In March 1997, members of the Sierra Leone Army overthrew the government of President Kabbah and established the Armed Forces Revolutionary Council (AFRC). Brima, et al. were high-ranking members of the AFRC convicted by Trial Chamber II of war crimes and crimes against humanity for ordering, committing, planning or being responsible as superiors for the murders, beatings, mutilations, rapes, forced marriages, abductions, looting, collective punishments and recruitment of child soldiers perpetrated by the AFRC. The Appeals Chamber found that one of the accused was responsible for aiding and abetting a system of sexual slavery and forced labor.
Mens rea element: Knowledge that his acts would assist the commission of the crime or awareness of the substantial likelihood that his acts would assist the commission of the crime (¶ 242)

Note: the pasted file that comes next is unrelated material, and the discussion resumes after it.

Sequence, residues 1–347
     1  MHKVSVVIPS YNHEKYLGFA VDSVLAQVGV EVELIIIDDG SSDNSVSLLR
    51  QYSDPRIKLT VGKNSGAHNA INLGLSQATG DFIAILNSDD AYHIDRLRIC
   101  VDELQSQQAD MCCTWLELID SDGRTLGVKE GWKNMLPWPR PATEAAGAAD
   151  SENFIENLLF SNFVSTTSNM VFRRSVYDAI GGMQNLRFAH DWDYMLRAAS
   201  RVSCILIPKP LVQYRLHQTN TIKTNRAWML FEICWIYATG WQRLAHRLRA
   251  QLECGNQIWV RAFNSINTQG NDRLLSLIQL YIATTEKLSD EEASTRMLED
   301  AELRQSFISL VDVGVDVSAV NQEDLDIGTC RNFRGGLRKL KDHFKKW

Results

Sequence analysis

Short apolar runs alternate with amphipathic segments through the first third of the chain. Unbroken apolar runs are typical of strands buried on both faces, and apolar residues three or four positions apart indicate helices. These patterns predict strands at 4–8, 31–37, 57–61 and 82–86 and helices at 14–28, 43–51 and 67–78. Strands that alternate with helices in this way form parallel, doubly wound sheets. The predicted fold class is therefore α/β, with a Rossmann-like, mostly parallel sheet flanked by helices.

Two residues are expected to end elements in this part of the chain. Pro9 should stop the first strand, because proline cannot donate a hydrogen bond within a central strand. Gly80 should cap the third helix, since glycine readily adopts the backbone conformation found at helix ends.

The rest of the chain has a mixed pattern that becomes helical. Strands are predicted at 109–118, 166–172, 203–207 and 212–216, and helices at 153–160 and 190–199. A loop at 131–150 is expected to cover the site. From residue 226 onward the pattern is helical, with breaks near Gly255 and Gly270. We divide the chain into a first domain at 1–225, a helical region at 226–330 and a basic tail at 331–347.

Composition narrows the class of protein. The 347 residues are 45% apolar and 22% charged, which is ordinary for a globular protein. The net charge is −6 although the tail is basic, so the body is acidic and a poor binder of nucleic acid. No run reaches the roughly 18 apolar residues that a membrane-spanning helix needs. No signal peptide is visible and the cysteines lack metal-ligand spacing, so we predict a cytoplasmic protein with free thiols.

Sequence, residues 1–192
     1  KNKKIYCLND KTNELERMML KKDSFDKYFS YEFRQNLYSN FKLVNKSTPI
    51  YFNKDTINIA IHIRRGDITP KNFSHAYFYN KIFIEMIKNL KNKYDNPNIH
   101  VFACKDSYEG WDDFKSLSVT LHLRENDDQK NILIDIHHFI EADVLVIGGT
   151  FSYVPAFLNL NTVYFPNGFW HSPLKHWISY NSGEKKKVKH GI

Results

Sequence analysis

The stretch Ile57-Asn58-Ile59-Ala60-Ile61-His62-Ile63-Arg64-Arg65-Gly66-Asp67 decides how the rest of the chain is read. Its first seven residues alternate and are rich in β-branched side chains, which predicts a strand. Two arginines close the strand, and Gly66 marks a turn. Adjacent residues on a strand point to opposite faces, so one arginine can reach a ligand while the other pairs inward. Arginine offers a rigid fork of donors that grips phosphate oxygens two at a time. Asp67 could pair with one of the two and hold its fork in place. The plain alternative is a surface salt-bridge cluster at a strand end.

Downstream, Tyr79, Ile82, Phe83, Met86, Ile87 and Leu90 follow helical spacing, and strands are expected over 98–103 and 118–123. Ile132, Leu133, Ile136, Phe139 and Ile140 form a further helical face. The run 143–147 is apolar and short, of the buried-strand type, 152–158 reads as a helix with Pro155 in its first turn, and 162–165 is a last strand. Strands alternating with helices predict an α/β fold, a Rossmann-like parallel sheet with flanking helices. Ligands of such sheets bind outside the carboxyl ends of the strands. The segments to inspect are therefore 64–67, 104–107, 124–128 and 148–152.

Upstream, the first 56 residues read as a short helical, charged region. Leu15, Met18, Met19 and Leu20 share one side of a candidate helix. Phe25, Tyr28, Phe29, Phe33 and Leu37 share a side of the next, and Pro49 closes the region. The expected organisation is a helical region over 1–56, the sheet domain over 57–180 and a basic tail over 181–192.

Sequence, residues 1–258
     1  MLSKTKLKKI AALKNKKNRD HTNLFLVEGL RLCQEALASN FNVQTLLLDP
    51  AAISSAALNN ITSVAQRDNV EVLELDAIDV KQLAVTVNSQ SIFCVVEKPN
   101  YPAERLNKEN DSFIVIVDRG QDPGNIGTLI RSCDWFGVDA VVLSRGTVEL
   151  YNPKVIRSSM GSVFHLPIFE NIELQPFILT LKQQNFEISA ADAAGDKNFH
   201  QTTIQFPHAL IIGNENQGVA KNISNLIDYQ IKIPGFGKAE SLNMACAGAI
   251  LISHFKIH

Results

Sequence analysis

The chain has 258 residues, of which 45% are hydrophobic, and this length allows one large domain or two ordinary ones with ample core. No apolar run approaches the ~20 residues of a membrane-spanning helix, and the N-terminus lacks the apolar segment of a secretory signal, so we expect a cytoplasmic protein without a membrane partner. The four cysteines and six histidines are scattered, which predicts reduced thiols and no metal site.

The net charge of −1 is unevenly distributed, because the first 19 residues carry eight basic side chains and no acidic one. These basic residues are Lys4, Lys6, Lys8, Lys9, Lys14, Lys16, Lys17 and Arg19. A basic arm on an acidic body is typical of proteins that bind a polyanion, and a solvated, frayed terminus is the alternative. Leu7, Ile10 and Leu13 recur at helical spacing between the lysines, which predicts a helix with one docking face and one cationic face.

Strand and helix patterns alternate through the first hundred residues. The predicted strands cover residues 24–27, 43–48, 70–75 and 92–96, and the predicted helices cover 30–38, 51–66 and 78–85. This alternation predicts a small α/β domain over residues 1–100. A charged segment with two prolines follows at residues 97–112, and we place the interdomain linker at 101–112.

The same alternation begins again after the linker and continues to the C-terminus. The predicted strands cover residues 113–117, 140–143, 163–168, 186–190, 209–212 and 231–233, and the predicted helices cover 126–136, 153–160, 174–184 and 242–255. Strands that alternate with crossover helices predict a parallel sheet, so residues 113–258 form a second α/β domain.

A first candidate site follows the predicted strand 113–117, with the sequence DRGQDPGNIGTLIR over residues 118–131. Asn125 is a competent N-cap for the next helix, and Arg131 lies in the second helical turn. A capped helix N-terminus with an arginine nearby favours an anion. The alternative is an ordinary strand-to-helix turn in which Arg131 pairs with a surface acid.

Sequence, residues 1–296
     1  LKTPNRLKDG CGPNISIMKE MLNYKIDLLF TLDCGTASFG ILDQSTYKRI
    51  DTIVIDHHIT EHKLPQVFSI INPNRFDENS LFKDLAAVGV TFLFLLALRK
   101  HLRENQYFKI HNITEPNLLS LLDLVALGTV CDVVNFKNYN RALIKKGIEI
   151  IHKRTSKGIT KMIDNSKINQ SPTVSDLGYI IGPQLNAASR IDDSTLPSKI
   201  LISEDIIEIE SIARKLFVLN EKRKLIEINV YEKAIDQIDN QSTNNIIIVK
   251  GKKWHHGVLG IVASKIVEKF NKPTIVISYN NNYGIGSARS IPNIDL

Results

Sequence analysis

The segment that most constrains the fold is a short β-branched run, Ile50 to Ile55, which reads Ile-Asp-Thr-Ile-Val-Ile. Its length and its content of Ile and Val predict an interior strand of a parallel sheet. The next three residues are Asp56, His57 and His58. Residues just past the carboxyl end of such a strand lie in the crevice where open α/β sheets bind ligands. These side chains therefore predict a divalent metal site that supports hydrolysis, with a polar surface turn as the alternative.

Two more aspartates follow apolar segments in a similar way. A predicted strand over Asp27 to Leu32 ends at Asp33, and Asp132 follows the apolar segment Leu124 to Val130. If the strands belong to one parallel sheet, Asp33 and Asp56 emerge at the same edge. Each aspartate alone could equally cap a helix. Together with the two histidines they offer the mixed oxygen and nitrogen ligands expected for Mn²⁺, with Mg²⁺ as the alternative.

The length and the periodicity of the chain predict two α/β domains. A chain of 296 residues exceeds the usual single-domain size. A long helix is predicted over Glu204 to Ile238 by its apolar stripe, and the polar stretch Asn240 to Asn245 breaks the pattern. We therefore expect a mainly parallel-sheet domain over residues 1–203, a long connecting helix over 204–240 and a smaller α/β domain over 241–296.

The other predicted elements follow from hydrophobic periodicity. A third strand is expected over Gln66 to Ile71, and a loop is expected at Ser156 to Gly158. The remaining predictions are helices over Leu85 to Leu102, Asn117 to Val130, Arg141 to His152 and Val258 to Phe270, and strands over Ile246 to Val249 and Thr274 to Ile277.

MENS REA: The Chamber endorsed the standard developed by the ICTY: “In both cases, the ICTY Appeals Chamber held further that liability for aiding and abetting requires proof that the accused knew that one of a number of crimes would probably be committed, that one of those crimes was in fact committed, and that the accused was aware that his conduct assisted the commission of that crime. The appeals chamber endorses this principle” (¶ 243).